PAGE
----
Then, too, the normal money multiplier has not been functioning properly due to banks' massive buildup of excess reserves, which have gone from $1.9 billion in August 2008 to a staggering $2.6 trillion currently. A study issued by the Cleveland Fed in February states that banks now find it "both easier and more attractive" to hold excess reserves than make loans. Why? Fed policies have altered the terms of the trade-off; the marginal benefit of holding reserves has increased because the Fed now pays interest on them, while the marginal cost in terms of forgone interest on loans has decreased under the low-rate conditions engineered by the same Fed.

So in crafting its monetary strategy to stimulate economic growth, it seems the Fed has given short shrift to the middle-income Americans who fuel the private sector — the true engine of productive economic growth. How much has consumer demand decreased because personal savings accounts pay zilch? How much has employment and production suffered because entrepreneurs can't get loans from their local banks?

Yet, even as business investment languishes and manufacturing has hit the skids, and with America's annual growth rate coming to a near halt at 0.2 percent for this year's first quarter, our monetary authorities seem clueless about the impact of their own policies. Indeed, the Fed's instinctive position is to call for more government intervention in the economy. Don't expect any initiatives to scale back regulatory burdens or liberate market forces to spur real economic growth.

Instead, you can expect increasing calls from Fed officials to give themselves more room to maneuver by raising their target rate of inflation to 4 percent or higher — never mind that such monetary mischief utterly confounds business planning and leads to the misallocation of investment resources. And you can expect further demands for massive government spending on "public infrastructure development" to create jobs. It's what Bernanke recommends in his blog post, insinuating that some other part of government needs to join the Fed's stimulus party to attain economic growth.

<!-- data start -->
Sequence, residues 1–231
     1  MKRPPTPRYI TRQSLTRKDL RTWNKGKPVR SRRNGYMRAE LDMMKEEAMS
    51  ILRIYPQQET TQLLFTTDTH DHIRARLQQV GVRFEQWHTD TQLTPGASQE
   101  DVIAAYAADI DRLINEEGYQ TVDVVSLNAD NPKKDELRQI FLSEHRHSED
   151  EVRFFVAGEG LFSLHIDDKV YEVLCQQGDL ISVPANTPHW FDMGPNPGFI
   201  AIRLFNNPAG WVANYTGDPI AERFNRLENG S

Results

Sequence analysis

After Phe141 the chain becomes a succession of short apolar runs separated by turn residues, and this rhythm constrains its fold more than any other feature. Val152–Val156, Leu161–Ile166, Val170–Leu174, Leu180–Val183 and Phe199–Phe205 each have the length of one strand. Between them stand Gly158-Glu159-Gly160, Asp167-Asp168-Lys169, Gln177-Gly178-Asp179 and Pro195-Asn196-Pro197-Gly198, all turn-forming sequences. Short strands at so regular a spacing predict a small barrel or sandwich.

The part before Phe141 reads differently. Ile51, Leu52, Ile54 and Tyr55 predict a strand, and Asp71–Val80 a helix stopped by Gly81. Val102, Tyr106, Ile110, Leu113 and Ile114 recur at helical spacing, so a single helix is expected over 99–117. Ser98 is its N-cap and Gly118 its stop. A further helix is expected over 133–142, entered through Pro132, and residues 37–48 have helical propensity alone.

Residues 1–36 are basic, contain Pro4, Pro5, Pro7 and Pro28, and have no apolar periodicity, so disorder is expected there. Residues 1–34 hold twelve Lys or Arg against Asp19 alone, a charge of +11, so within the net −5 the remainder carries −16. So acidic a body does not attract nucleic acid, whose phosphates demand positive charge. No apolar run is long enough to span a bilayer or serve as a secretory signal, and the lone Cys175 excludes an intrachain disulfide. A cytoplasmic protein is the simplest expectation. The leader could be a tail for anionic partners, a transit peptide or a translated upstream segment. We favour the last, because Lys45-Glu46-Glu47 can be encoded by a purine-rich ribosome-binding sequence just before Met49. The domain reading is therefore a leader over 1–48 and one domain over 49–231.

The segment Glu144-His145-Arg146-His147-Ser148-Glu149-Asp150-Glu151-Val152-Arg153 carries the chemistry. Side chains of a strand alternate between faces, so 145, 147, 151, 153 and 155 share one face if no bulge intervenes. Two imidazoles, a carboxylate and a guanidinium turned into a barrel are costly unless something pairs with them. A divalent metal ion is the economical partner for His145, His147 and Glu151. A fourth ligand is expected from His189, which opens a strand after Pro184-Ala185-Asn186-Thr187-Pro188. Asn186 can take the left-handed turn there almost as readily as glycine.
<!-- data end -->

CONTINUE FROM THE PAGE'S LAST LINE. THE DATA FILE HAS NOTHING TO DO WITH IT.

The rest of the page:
But shouldn't we start by figuring out the reasons for the Fed's own lack of success? - The Hill.



MONUMENTAL PARADIGM SHIFT: Precursors To The End Of Zionism - The Vatican Officially Recognizes The State Of Palestine In New Treaty, While Israel Fumes With Condemnation!

Pope Francis welcomes Palestinian President Mahmoud Abbas (R) upon his arrival at the Vatican June 8, 2014. (Reuters/Riccardo De Luca)

May 13, 2015 - VATICAN
- The Vatican has become the latest country to recognize the state of Palestine, after a new treaty was finalized on Wednesday. Unsurprisingly Israel has hit out at the move, saying that it damages prospects for peace in the region.

The treaty, which was agreed, though has yet to be formally signed states the Vatican has switched its diplomatic allegiance from the Palestinian Liberation Organization to the state of Palestine. It was finalized days before the Palestinian President Mahmoud Abbas is due to visit Pope Francis.

Abbas is traveling to the Vatican to attend the canonization of four new saints by the Pope, two of which are Palestinian nuns. The move to grant them sainthood has been described as a "sign of hope" for the region by the Latin patriarch of Jerusalem, Fouad Twal, Vatican Insider reports.